Startups have become an exceptionally popular topic lately, to the point where even universities are looking to do more to foster business startups born from some of the cutting-edge research of their students and faculty. The MoneyTree™ Report issued by PwC and the National Venture Capital Association shows $33.2 billion was invested in venture capital as of Q3 2014, the highest level since 2001. So how do you fit in as a future CPA?
First off, stay in school! A formal education can help you to better know how to help a startup, from knowing how things should be done to convincing others that you actually know your stuff. It’s also some of the best career insurance available! Secondly, you can become a CPA and work with startups in many different ways. Before you take any leaps, find your fit. But why should anybody care about startups?
To me, startups represent the future sources of solutions to many of society’s most challenging problems; they typically innovate more efficiently than existing companies. While I’ve been a CFO of an international healthcare product distribution company, I’ve also enjoyed helping entrepreneurs develop business plans, financial models, and investor presentations. The startups they’ve launched range from medical devices to breweries, and from concept to IPO!
Startups can be fun, revolutionary, and a chance to make it big. There are actually quite a few of them – one estimate finds that 543,000 new businesses are created monthly. Every company was once a startup, but not all startups live long enough to grow up. This blog post focuses on the critical importance of capturing the numbers at startups and is the first in a 3-part series on Startup Accounting.
Capturing the numbers is the first and most important step in accounting to make sure a startup grows up. It sounds simple enough, but far too many people make the same mistakes. An easy way to think of what needs to be done is to think like a critic of the startup, and here are 6 things to consider:
- What exactly is the startup? Unless the founders form a corporation, limited liability company, partnership, or another legal entity, then it might just be a sole proprietorship, the easiest type of business to start. The type of legal entity not only affects the liability of the founders, but also tax consequences, investor possibilities, and more.
- How much money does the startup have? Startups should have their own bank accounts and should avoid commingling funds with their founders, employees, and anyone else. This is the only way to know with any reasonable certainty how much money a startup actually has.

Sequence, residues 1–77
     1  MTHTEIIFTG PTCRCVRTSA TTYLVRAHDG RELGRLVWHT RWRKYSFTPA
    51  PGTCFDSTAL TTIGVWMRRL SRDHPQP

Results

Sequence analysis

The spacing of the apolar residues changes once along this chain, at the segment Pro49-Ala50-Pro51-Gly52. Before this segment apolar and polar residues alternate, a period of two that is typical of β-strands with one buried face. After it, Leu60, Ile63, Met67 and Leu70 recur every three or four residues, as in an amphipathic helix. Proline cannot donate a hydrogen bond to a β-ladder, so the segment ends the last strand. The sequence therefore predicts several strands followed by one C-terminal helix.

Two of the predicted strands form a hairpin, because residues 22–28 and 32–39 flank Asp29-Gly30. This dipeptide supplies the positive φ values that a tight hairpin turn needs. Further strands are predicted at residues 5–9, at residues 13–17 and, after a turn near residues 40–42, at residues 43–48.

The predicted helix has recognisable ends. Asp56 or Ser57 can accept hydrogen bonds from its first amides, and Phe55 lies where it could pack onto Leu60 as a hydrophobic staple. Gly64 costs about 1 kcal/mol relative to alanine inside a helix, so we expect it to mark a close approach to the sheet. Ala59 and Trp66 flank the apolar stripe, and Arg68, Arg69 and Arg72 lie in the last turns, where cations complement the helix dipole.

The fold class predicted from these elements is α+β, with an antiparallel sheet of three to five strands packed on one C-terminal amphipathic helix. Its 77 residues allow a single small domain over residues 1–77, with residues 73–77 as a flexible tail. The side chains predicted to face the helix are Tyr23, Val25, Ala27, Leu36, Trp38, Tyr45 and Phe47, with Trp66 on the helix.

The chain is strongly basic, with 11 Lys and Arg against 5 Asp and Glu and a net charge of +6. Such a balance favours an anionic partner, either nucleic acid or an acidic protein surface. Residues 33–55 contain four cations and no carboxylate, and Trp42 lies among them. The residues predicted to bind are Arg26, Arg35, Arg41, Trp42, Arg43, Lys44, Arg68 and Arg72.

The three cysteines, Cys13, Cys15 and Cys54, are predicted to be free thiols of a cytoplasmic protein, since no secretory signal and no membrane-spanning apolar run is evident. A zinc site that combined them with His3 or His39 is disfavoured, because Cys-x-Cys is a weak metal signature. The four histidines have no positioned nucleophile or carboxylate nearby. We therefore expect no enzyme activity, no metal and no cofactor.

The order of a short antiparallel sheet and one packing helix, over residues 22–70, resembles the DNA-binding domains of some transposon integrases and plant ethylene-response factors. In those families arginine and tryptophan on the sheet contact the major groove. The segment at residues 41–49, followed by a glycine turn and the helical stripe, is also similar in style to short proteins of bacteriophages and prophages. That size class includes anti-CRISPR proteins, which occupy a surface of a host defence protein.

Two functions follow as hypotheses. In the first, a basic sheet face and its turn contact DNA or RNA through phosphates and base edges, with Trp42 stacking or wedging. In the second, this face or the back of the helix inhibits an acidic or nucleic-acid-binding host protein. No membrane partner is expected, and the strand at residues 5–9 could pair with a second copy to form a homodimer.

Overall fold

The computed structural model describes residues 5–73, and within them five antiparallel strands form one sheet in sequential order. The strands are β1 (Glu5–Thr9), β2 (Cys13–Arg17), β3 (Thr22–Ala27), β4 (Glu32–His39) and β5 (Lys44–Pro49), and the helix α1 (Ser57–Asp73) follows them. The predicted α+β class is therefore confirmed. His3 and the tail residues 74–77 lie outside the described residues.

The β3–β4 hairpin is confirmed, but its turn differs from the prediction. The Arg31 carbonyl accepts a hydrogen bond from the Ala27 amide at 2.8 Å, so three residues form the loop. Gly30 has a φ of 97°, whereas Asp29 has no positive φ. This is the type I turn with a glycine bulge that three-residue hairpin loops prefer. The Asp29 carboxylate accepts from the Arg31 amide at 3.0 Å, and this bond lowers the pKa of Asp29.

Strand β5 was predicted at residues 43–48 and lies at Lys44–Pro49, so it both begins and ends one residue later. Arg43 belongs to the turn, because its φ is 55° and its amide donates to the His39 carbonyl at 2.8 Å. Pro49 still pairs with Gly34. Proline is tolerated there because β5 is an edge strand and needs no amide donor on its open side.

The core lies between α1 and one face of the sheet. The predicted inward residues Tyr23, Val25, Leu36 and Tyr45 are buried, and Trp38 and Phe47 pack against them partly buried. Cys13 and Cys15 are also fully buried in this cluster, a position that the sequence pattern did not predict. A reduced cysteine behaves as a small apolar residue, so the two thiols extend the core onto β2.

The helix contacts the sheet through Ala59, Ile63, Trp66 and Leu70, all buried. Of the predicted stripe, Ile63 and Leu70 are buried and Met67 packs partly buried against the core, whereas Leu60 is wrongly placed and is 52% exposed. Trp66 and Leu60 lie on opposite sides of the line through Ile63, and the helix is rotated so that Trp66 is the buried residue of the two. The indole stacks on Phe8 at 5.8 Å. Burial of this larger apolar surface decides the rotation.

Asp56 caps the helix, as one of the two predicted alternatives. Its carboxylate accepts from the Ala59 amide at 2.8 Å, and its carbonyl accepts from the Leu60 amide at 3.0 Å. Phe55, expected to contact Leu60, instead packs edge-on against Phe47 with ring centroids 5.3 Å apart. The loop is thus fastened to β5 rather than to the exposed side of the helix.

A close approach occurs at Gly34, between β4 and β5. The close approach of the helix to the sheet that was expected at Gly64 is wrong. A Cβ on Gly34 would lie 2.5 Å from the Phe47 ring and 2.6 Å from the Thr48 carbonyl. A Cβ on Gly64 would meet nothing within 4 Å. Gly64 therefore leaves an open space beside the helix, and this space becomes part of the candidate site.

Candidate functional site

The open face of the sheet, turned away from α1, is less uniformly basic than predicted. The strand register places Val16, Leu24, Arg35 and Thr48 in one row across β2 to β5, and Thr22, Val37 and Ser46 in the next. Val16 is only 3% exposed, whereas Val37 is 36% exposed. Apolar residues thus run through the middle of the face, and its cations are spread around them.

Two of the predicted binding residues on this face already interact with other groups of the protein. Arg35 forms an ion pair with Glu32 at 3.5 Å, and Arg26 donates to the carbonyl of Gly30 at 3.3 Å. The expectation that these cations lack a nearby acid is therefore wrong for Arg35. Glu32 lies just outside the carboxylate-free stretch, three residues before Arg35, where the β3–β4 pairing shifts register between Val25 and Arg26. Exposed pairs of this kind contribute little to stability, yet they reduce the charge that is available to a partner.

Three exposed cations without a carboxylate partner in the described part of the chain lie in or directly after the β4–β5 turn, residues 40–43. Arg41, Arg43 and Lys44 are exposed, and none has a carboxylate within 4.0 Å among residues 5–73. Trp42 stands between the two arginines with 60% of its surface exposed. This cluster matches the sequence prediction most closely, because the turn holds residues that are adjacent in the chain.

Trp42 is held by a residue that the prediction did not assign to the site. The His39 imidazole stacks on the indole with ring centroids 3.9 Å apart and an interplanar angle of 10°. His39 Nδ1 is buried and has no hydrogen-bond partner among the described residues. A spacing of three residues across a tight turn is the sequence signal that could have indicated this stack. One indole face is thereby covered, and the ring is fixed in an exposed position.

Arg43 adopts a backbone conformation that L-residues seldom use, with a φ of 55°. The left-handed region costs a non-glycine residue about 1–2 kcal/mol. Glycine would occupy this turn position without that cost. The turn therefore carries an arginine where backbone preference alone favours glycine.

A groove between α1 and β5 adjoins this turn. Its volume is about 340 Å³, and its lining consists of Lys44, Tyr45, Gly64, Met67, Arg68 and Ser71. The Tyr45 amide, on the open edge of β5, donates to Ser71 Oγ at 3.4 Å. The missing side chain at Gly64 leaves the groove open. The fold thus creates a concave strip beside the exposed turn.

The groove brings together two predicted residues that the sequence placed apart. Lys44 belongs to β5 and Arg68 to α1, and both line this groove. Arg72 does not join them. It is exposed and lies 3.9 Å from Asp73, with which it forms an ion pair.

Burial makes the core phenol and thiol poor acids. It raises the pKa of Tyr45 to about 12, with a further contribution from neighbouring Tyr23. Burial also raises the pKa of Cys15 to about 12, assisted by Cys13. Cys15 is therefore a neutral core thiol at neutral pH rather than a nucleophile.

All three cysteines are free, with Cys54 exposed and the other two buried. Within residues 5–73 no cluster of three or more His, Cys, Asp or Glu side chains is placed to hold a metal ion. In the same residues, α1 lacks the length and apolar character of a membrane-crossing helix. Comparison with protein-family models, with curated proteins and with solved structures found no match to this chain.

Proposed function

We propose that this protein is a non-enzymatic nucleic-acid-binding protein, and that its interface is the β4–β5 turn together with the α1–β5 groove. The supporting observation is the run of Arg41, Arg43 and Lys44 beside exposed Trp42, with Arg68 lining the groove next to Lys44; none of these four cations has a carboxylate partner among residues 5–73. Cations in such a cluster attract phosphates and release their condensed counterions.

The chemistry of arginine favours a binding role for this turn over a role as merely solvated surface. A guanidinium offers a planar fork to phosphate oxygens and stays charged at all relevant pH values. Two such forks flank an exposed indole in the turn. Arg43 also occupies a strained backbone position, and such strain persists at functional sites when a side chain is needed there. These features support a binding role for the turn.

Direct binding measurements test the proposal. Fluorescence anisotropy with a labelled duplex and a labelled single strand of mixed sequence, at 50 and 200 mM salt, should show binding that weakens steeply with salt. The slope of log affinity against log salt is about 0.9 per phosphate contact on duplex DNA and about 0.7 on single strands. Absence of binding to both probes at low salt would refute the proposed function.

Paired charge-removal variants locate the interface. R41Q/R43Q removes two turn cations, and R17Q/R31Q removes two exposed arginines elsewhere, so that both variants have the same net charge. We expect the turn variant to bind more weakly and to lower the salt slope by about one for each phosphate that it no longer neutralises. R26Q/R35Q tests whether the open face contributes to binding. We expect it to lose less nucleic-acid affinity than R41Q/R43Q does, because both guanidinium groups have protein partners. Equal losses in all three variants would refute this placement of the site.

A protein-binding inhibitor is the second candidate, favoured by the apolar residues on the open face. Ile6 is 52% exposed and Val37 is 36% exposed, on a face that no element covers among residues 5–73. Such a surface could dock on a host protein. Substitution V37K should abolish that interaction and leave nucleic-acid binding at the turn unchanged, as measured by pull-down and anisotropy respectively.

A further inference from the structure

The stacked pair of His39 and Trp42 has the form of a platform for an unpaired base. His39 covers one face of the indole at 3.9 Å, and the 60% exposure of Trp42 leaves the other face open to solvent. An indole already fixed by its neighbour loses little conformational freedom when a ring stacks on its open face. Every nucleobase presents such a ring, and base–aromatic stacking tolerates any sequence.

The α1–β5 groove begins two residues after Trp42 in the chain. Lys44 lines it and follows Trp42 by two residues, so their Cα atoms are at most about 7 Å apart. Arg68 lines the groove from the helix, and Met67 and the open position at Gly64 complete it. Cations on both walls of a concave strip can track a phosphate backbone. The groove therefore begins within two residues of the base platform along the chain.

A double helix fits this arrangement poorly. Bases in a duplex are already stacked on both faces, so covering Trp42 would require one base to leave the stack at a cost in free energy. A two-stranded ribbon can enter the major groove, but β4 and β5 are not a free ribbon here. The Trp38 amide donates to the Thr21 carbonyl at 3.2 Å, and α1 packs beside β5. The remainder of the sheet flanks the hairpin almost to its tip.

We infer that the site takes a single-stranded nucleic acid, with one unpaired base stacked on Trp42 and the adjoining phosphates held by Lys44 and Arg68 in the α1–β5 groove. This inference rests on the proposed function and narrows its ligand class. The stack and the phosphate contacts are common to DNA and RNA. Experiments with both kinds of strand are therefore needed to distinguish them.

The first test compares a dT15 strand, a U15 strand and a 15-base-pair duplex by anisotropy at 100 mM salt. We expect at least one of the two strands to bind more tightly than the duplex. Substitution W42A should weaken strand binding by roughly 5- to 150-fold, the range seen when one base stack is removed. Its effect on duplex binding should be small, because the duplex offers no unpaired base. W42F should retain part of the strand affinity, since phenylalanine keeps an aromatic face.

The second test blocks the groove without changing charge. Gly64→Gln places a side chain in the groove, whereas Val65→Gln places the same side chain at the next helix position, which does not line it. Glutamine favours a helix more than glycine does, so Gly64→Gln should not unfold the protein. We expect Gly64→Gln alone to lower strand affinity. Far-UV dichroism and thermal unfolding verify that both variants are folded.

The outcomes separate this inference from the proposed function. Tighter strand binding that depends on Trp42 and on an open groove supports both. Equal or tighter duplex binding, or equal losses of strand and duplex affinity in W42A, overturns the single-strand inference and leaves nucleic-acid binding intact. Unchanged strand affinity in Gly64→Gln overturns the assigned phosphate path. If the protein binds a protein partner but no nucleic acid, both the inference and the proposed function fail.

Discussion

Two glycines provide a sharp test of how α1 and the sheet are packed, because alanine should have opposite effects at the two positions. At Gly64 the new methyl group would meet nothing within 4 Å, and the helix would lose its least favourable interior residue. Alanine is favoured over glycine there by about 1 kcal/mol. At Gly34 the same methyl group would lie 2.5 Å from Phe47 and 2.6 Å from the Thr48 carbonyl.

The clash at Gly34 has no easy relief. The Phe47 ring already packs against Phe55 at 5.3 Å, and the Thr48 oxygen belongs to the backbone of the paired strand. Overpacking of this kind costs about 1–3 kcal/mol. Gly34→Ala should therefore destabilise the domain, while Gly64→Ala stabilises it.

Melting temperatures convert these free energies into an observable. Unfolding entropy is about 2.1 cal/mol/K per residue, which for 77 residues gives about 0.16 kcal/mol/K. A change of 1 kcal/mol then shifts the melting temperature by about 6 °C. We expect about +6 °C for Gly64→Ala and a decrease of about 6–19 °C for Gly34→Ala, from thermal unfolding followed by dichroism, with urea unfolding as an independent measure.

- Does it have enough money to pay its bills and stay in business? Startups need to be adequately capitalized from the start, and startups organized as corporations could risk losing their corporate status if the founders don’t put in enough money to actually start up.
- How much expenses, receivables, payables, and so on does the startup have? Startups need to have a dedicated accounting system, separate from personal records. This is another formality where startups organized as corporations could risk losing their corporate status if not followed – and they will certainly lose their ability to manage the startup’s finances!
- Who gets paid what, when, and how? Stockholder agreements, employee agreements, independent contractor agreements, and other agreements should be in place to outline these important financial relationships. All contracts should be reviewed by attorneys before being signed, but you can search your local law or business library for some free examples for quick reference.
- If a certain policy is not yet in place, then who’s making the decisions affecting the accounting? The owner(s) of the startup must empower at least one person to make decisions, and someone must be responsible for managing the books. The startup could be just 1 person or 100. There could be a variety of personalities and levels of experience. No matter the dynamic, the beautiful thing about accounting is that pretty much everything should be recorded in the company’s books according to GAAP (or another specified standard). And that’s where the CPA comes in. For example, take R&D costs for the development of computer software that the startup will sell. FASB 86 says the R&D costs should be expensed until technological feasibility is established, and then they should be capitalized. It’s the CPA’s job to explain concepts like this in non-accounting terms and to support management-level decision making.
Once the startup is capturing all the numbers it needs, it can then review and reclassify as appropriate. Certainly, the fewer journal entries and reverse entries, the better, but even startups need to start somewhere. Who do you know that started a successful business from nothing? In the next blog post in this 3-part series on Startup Accounting, we’ll take a closer look at managerial accounting for startups.